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Last Updated: Monday, 9 October 2006, 14:56 GMT 15:56 UK
Iraq troops 'buried family alive'
Saddam Hussein in the dock on 25 September 2006 at his genocide trial
Saddam Hussein was ejected from the trial two weeks ago
A witness in the trial of former Iraqi leader Saddam Hussein has said her family was "buried alive" by government forces who attacked her village.

She gave evidence as the trial for alleged war crimes and genocide resumed in Baghdad after a two-week break.

It was suspended after Saddam Hussein was ejected for defying the judge's instructions to be quiet.

The seven defendants were present, but a key defence lawyer says his team will continue to boycott the trial.

The 31-year-old woman was 13 when her northern Kurdish village was raided.

Speaking from behind a curtain to conceal her identity, she said: "I know the fate of my family. They were buried alive."

I would like to ask Saddam a question: 'What was the guilt of women and children?
Kurdish witness

Identity cards belonging to five of her sisters were found in a mass grave in Samawa, south Iraq, the court heard.

"I would like to ask Saddam a question: 'What was the guilt of women and children?" she said through a translator.

The defence says the attacks were legitimate strikes against Kurds who were siding with Iranian forces.

'Women bound'

The woman described how the Iraqi army burned her village in April 1988.

She was arrested with eight members of her family and held in prison.

She said one prison guard "used to drag women, their hands and feet shackled, and leave them in a scorching sun for several hours."

More than 100,000 Kurds are said to have died during the so-called Anfal operation in 1988.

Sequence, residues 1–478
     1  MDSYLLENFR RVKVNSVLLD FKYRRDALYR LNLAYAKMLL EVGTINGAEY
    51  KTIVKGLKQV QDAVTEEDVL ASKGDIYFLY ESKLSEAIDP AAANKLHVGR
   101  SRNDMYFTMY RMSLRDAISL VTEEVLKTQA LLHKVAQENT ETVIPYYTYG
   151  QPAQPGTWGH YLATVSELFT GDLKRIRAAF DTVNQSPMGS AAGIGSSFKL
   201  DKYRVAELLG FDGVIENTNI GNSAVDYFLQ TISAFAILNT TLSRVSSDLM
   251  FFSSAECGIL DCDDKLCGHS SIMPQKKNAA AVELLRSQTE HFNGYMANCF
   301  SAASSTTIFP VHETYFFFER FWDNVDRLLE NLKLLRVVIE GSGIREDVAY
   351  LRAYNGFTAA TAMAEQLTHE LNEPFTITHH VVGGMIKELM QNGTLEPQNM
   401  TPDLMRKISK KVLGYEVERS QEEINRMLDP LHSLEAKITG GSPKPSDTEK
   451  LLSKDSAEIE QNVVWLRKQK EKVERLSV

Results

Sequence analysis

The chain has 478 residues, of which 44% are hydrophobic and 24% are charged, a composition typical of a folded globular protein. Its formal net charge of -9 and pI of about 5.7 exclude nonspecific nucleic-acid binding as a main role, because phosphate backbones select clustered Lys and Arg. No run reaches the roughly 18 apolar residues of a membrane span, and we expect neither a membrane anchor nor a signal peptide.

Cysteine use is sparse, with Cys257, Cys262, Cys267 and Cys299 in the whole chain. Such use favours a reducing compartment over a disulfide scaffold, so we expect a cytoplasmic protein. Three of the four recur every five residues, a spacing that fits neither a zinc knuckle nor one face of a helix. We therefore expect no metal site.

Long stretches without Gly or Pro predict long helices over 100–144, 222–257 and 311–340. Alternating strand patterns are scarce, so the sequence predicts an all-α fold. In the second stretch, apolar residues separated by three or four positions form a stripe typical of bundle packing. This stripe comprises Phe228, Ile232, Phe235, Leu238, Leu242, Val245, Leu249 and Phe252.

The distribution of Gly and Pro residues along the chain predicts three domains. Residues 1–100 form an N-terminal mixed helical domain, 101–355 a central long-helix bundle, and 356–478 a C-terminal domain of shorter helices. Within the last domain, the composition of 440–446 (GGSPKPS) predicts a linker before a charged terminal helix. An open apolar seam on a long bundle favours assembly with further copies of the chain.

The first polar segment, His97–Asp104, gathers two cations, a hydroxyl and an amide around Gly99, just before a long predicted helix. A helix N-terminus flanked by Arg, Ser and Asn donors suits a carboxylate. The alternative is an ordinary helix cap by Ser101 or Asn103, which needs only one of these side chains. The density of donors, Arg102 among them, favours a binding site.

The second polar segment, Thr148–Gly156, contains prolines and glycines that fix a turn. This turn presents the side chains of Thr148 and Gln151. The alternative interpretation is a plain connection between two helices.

Another witness, farmer Abdul-Hadi Abdullah Mohammed, said his pregnant wife, mother, two brothers and two sisters, and four of their children had been missing since Iraqi forces destroyed his village in 1988.

He told the court that he had learnt his mother had died in Nugrat Salman after becoming ill.

Identity cards of one sister and a brother had been found in the mass graves in Samawa.

"The fate of my family is still unknown up to now," he told the court.

Both witnesses spoke of a black dog that dug up remains of prisoners and ate them.

The judge adjourned the case until 10 October.

Claims of bias

The previous session of the current trial ended in chaos after Saddam Hussein and co-defendant, Ali Hassan al-Majid, were ejected.

The remaining five defendants rose to their feet, shouting at the judge.

The defence team of lawyers was also absent.

The BBC's Jim Muir in Baghdad says the long break was clearly designed to calm things down and allow time for the defendants to consult their legal team.

The team met Saddam Hussein a week ago but leading defence counsel, Khalil al-Dulaimi, has said the defence will continue to boycott the trial.

The defence is protesting about the replacement of former chief judge, Abdullah al-Amiri, following accusations of bias towards the former president.

New Chief Judge Mohammed Oreibi al-Khalifa has been much tougher on the defendants.

During the recess, the new judge's brother-in-law was murdered by gunmen in Baghdad.

Saddam Hussein has already been tried for the killing of 148 Shias in Dujail in 1982 and a judgement is awaited.

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